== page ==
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‘As We See It’ a Passion Project for Jason Katims

From left: Rick Glassman as Jack, Sue Ann Pien as Violet, and Albert Rutecki as Harrison in Amazon's 'As We See It'
(Image credit: Ali Goldstein/Amazon Studios)

As We See It, a show depicting three twentysomething roommates on the autism spectrum, hustling to make friends, fall in love, succeed at work and navigate the world around them, premieres on Amazon Prime January 21.

Rick Glassman, Albert Rutecki and Sue Ann Pien, all on the autism spectrum, portray the three leads. Jason Katims is showrunner, writer and executive producer. 

Katims’ son is on the spectrum, and that was a factor in him taking on the project, which is based on an Israeli show called On the Spectrum

“I started to think, what is his life gonna be like as an adult with autism?” Katims told B+C. TV features children with autism, he said, but not so much adults. 

“Children diagnosed with autism grow up to become adults,” said Katims, who discussed As We See It on the Series Business podcast.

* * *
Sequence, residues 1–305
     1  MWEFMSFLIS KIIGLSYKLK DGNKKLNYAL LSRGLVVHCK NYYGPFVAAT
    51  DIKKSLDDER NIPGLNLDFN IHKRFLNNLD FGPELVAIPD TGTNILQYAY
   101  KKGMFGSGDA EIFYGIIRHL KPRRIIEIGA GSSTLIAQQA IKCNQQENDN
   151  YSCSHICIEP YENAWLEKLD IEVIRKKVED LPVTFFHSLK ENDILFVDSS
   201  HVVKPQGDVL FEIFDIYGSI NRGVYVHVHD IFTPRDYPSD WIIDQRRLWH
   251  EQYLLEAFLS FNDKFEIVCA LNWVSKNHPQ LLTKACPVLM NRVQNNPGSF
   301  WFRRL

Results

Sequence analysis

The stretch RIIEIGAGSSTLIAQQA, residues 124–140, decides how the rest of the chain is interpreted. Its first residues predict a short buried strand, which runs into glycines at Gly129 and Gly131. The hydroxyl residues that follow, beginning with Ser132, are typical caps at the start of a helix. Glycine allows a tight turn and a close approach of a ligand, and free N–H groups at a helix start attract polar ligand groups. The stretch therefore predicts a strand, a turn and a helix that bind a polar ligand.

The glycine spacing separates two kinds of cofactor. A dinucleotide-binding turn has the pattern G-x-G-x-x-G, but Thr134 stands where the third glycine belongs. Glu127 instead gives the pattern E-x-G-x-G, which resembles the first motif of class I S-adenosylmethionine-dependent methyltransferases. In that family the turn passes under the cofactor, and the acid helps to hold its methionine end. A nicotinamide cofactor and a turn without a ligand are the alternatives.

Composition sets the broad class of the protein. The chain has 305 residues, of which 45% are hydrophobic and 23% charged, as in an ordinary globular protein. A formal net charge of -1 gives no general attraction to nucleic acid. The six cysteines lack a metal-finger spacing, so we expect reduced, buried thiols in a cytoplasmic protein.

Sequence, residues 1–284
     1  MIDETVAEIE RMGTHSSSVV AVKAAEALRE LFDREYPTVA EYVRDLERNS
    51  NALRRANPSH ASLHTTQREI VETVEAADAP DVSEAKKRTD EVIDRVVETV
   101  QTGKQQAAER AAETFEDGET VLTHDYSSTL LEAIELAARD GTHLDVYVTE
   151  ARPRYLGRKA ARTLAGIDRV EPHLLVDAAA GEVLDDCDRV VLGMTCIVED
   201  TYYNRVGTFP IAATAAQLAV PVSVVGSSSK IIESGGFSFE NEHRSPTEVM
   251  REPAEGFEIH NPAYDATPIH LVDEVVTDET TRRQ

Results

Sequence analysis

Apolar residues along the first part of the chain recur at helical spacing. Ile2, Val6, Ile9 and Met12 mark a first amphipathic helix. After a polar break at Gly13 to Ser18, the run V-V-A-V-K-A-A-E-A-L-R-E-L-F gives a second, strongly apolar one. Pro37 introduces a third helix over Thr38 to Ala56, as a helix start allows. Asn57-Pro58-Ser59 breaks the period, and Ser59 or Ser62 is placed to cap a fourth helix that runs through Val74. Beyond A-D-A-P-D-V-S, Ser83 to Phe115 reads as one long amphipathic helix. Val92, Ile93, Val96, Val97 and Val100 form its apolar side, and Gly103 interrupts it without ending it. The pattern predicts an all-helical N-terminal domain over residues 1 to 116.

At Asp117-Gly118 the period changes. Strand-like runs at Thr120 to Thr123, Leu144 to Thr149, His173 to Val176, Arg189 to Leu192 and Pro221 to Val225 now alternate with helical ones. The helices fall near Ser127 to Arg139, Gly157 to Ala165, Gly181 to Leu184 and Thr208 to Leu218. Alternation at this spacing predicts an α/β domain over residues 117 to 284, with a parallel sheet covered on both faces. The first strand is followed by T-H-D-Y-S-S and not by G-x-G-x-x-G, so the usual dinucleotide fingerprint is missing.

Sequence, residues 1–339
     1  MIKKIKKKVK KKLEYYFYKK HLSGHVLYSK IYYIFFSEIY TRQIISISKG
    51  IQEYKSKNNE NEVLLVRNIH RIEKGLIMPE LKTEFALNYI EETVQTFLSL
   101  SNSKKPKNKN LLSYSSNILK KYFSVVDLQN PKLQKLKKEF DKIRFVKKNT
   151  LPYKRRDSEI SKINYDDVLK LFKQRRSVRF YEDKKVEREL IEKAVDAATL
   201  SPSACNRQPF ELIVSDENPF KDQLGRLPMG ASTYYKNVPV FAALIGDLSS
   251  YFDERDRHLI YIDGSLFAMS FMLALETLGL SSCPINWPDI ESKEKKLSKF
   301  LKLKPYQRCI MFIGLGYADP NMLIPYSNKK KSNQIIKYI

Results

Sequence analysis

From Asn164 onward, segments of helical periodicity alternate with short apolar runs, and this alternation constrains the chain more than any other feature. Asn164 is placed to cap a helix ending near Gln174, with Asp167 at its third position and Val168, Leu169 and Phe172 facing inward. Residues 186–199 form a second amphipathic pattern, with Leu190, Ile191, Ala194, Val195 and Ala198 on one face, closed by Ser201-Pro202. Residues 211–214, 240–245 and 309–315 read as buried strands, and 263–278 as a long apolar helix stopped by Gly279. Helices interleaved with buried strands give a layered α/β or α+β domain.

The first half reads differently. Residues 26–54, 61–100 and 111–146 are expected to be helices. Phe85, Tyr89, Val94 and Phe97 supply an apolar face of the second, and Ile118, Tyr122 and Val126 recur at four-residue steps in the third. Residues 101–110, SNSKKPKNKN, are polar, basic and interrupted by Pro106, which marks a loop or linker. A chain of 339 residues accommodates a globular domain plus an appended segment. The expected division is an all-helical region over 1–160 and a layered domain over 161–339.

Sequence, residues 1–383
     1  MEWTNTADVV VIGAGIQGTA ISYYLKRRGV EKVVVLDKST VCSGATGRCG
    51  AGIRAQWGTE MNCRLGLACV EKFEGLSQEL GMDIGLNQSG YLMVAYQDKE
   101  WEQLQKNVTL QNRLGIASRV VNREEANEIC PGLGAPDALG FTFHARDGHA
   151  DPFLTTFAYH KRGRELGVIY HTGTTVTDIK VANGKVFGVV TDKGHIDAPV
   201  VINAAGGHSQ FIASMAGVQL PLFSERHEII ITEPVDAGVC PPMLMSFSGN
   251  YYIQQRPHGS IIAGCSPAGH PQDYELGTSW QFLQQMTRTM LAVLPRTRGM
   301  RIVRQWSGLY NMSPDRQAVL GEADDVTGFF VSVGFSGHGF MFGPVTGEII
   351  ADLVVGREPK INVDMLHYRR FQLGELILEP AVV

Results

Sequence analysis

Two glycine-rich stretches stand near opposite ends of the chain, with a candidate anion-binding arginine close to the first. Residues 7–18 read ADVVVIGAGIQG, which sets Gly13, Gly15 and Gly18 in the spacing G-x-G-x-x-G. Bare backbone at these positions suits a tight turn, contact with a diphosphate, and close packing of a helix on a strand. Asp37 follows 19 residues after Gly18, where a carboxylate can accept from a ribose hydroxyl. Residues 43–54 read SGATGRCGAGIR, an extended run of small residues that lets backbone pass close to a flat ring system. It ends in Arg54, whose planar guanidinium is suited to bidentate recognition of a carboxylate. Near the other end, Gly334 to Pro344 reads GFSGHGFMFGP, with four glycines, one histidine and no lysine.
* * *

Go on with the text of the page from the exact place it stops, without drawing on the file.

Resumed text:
Katims executive produces with Jeni Mulein, Danna Stern, Dana Idisis, Yuval Shafferman and Udi Segal. Jesse Peretz directs and executive produces the pilot.

The producers went to considerable lengths to make sure those on the spectrum are fairly and accurately depicted. Scripts were shared with people representing autism organizations. Besides the three lead actors, neurodiverse people directed and sat in the writers’ room. “Authenticity was our north star in making the first season,” said Katims, whose credits include Friday Night Lights, About a Boy and Parenthood

As its title suggests, As We See It shows how the leads on the spectrum view the world. “The show is seen through their eyes,” said Katims. 

Much of the show’s humor comes from the main characters, Jack, Violet and Harrison, speaking without a filter. “They say what’s on their mind,” said Katims. “That’s so refreshing at a time when nobody says what’s on their mind.”

As We See It can be classified as either a comedy or a drama, he added. “You’re laughing, then the next moment, crying,” he said. “The show has that.”

While the trio’s view on the world is unique, Katims said their day-to-day challenges–making a friend, keeping a job, falling in love–are things most everyone deals with. 

“I set out to make a show about neurodiversity,” he said. “It turns out I made a coming-of-age story that is completely universal.” ■ 

Michael Malone, senior content producer at B+C/Multichannel News, covers network programming, including entertainment, news and sports on broadcast, cable and streaming; and local broadcast television. He hosts the podcasts Busted Pilot, about what’s new in television, and Series Business, a chat with the creator of a new program, and writes the column “The Watchman.” He joined B+C in 2005. His journalism has also appeared in The New York Times, The Philadelphia Inquirer, Playboy and New York magazine.